Lilia Schwarcz, Brazilian Historian: "Bolsonaro Is Not a Conservative, He Is a Retrograde Politician"

The president of Brazil Jair Bolsonaro carried out, last Tuesday, a display of his political power in the streets during the celebrations of the 199th anniversary of the Independence of the Portuguese rule amid attacks on Justice and the press. Lilia Schwarcz, a professor at São Paulo University and Princeton University, analyzes this phenomenon from a historical perspective. Among the dozens of books that he has written such as ‘Brazil: a biography’, published together with Heloisa Starling and several biographies, he assures that there is no political character similar to Bolsonaro in the last 500 years of history.

The independence of Brazil from Portugal was very different from the rest of the countries of Latin America. It was the only country that went through a monarchy before becoming a republic …


The golden legend that was created from the independence of Brazil, the country had a destiny to transform itself into a monarchy surrounded by republics. Brazilian independence was very conservative. The main concern of the elites was to avoid the fragmentation of the country and to maintain a slave system. That idea of ​​independence in which Pedro I is portrayed almost as a military man was a late construction based on a canvas by Pedro Américo. This image was widely used on the anniversary of 1972 in the midst of the military dictatorship. Since then, the military has assumed that version that is too military and associated with the idea of ​​a monarchy of our independence from Brazil.

And how does this you describe connect with what we saw last Tuesday?

It was a demonstration of how the military can manipulate independence again and the way in which Jair Bolsonaro takes advantage of these moments to urge people to participate in deeply undemocratic, macho, violent acts.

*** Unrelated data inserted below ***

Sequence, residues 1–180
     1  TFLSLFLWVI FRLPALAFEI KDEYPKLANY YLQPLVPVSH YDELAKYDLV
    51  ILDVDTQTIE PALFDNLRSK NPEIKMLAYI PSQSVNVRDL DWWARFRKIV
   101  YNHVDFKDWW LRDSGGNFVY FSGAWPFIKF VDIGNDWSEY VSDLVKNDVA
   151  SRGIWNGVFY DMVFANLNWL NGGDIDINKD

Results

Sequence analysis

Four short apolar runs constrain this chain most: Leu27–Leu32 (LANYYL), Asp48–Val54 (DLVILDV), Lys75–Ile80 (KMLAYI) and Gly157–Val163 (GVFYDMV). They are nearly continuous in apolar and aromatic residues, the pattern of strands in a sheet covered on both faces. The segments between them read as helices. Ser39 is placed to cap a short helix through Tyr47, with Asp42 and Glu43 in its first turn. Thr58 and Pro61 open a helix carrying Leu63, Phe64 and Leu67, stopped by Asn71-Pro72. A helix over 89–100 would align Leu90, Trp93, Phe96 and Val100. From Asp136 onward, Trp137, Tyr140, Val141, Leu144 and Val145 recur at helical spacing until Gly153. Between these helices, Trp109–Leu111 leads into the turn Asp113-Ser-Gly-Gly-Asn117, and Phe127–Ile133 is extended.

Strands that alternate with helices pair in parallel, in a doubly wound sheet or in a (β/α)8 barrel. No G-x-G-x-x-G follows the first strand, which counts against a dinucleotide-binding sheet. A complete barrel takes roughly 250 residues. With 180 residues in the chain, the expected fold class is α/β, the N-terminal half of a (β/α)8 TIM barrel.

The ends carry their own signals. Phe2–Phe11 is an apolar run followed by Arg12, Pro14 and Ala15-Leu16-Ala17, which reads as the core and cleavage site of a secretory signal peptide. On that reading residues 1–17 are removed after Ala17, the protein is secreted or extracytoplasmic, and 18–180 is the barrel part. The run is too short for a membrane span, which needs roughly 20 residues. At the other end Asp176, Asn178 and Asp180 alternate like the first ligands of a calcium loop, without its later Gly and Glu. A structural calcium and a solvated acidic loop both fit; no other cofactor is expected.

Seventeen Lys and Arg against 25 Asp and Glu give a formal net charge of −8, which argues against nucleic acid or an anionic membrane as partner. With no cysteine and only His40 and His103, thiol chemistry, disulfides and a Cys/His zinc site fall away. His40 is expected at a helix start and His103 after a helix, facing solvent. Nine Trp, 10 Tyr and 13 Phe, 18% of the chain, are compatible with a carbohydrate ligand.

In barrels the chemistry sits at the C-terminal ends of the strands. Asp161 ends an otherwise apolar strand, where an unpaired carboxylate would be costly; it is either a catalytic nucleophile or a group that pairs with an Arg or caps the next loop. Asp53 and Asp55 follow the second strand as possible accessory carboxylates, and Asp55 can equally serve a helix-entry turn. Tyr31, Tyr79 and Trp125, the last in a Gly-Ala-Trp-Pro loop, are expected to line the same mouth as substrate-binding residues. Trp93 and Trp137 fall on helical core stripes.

In 2022 Brazil will have its bicentennial, what are you waiting for?

We Brazilians have to ask ourselves what kind of bicentennial of independence we want to have. If we want to associate ourselves with the image of a military parade or of another type of country.

From your point of view, how should it be?

We need to have a broader, more plural, more generous view of independence. In the history of Brazil we have a very colonial, European and masculine official history. We have to understand it as a more diverse independence process, understanding that it is a very large country. But also in other protagonists. Protagonists who are black, women, people who were totally invisible from women like Maria Leopoldina to María Felipa de Oliveira who were great heroines of independence.

Bolsonaro associated the idea of ​​independence with the idea of ​​freedom, what do you think of that?

The president took the idea of ​​freedom associated with freedom of expression and demonstration. The Bolsonarista agenda has been systematically hijacking the symbols of the country such as the flag or the anthem. Nobody can use the colors of green and yellow anymore without looking like a bag man. But it has also hijacked our concepts such as freedom of expression. For Bolsonaro, attacking other institutions such as the Supreme Federal Court (STF), inventing the story against electronic voting, telling false news is all “freedom of expression” for him. I don’t think that is freedom of expression. Bolsonaro used Independence Day to incentivize his followers, who call it a “myth,” for a new liberation. Liberation understood as autonomy.

In his speech last Tuesday, Bolsonaro referred to his followers as “patriots.” What meaning do you think this word has for the president?

I do not consider that Jair Bolsonaro is a conservative politician. I think Bolsonaro is a retrograde politician. A conservative politician, who respects the Constitution, is fine for democracy. The problem is when what is sought is to retrace our rights. He does not admit LGTBI rights, he does not admit African-based religions, he does not admit women’s rights.

You, in your last book, argue that there is a softened version of the Brazilian identity that leaves a lot out. How much of that other part of Brazil’s history exists in the kind of leadership that Bolsonaro represents?

I start from two assumptions. The first is that our present is full of the past. The second is that, for those who saw Bolsonaro’s election in 2018 with great horror, I tell you that Brazilians were always authoritarian. So, he recovers a part of our history that has been silenced even by this Government as the issue of slavery and the systemic racism that exists in Brazil. The Brazilian does not like to talk about reparation.

If you had to compare Bolsonaro with another person in the history of Brazil, what would it be?

None! It is incomparable. I think it is a unique crisis in our history. We already had extremist presidents but there is no comparison.



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